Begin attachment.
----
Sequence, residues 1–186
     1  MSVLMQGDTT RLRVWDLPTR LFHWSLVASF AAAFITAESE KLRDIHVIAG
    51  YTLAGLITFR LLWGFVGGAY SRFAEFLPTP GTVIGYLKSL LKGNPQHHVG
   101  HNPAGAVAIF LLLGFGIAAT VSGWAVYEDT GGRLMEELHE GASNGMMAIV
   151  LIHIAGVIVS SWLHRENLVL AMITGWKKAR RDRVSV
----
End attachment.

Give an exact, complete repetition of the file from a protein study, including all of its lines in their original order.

Sequence, residues 1–186
     1  MSVLMQGDTT RLRVWDLPTR LFHWSLVASF AAAFITAESE KLRDIHVIAG
    51  YTLAGLITFR LLWGFVGGAY SRFAEFLPTP GTVIGYLKSL LKGNPQHHVG
   101  HNPAGAVAIF LLLGFGIAAT VSGWAVYEDT GGRLMEELHE GASNGMMAIV
   151  LIHIAGVIVS SWLHRENLVL AMITGWKKAR RDRVSV